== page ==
I don’t know if the game industry is anti-union, but Ben Fritz clearly found that some companies simply refused to enter the awards. If better games missed out because of those companies, is that the WGA’s fault? They’re only being who they are, a union looking to expand their base.
The WGA certainly is thinking of itself first with its awards. It wants to break into the video game industry like everybody else. It has a caucus for video game writers that is essentially steerage compared to top deck. So they hold video game writers to the same standards they hold every writer to. Big whoop.
wondering why there’s so little industry participation in these awards, and postulating that it’s because the industry is anti-union. After all, to be eligible for the awards, game writers only need to join the Video Game Caucus and pony up some cash ($75 a year). No problem, right?
Being self-employed and having no employees, I have no reason to be pro- or anti-union. But I am definitely anti- these awards; they are insulting to game developers and serve no real purpose for anyone else except the WGA.
31. When one shews someone the king in chess and says: "This is the king", this does not tell him the use of this piece--unless he already knows the rules of the game up to this last point...
Now the IGF is a fine event that brings many awesome games to the forefront of gamer awareness. I’ve been blessed twice by their judges. Unfortunately, DHSGiT doesn’t measure up to their metrics, compared to the competition. But it is a terrific indie game with awards and recognition from many other sources. I’ve written elsewhere that the IGF should consider adding as much recognition to story as they have to audio and graphics. Maybe they will someday. It’s a constantly evolving event, 10 years in the running. They are earnestly trying to do their best.
As for the awards, I think it is understandable that the WGA awards are for WGA members. It’s the same with SAG. These awards are about celebrating the achievements of WGA members. WGA members vote on the nominations and they also select the nominees. It is usually not the case that you can sign up after you’re nominated or that a piece of work not written under the WGA agreement is eligible, but the WGA made the exception for the video game category because the videogame writers are in a Caucus. If videogame writers were not in a Caucus but full members, we would have been obligated to join the strike. My writing partner did walk the strike line in solidarity, as did others, but it was not necessary. We were still working on video games during the strike.
AFAIK, for a game to be considered as a nomination for the AIAS awards, publishers do have to pay and it’s a lot more than the $75 for a Caucus membership. As for the Caucus membership, some members prefer it to the full WGA membership because it’s much much cheaper annually. I do agree that since it’s based in L.A., you wouldn’t get as much out of it if you were not in L.A. I still am able to attend WGA East functions and go to any of the movie screenings. However, if you are in L.A., yes you can attend any of the informal and formal meetings of the WGA. You get invites to screenings and parties. There is a good deal of overlap in the membership of the IGDA Writers SIG and the Videogame Writing Caucus.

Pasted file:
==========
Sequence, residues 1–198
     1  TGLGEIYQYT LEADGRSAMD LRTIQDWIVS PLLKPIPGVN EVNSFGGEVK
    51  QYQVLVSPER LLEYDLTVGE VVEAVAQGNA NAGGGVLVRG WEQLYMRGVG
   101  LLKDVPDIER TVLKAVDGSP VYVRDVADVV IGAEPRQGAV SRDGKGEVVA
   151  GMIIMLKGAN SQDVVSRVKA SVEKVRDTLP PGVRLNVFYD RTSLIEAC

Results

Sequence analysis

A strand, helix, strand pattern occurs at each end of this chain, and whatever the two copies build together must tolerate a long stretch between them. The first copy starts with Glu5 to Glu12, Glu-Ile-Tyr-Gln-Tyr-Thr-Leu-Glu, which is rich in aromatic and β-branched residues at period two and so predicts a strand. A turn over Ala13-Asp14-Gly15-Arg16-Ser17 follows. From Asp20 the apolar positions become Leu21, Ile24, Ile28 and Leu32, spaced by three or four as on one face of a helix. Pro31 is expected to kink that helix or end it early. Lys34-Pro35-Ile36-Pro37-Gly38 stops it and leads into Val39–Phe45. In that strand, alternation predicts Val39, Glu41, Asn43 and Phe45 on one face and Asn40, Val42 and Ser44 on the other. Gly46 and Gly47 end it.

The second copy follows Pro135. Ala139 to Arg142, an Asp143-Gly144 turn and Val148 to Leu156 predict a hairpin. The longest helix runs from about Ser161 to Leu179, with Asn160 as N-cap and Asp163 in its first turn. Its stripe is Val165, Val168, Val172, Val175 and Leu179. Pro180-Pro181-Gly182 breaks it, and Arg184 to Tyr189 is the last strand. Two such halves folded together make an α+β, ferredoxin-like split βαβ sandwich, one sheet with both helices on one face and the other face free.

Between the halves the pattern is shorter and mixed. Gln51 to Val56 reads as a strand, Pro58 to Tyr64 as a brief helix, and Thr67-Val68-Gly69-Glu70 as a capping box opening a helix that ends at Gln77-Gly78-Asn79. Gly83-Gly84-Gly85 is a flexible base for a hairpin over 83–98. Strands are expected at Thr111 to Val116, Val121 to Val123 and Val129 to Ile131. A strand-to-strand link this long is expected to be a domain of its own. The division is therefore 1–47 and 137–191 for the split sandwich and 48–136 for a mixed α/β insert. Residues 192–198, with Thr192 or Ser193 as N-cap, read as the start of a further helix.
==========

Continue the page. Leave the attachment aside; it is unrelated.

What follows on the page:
The WGA has had two, count them, 2 video game awards. Opening their contest this year to anyone who joins is a big change from last year. Someday they might even ‘get it right’ according to the book of Jonathan. Currently, the WGA offers little value for computer game writers other than it’s awards. If I were them, to attract members, I’d make them the best awards around.
Keith, I agree that they should be making them the best awards around. And the way to do that is to nominate the games with the best writing (regardless of WGA membership status), which is exactly what they are not doing.
Interesting to see closed-shop stay-out-of-our-business unions like the hollywood guilds try to get into other industries. The WGA is so centred around the tv/film model that they have as much business handing out game awards as they do poetry prizes. They’d be better off doing youtube awards as that would target people more likely interested in what the WGA is about.
It is hard to understand the significance of events like these without understanding the player’s perspective as an active agent in the environment. That I could get out of the furnace myself instead of watching a cutscene of my character shooting a few portals and escaping is an incredible experience. This can never be appreciated on paper. How much of what I just described is “writing” versus “level design” is an interesting subject, and perhaps further proof of the complexity of judging game narratives.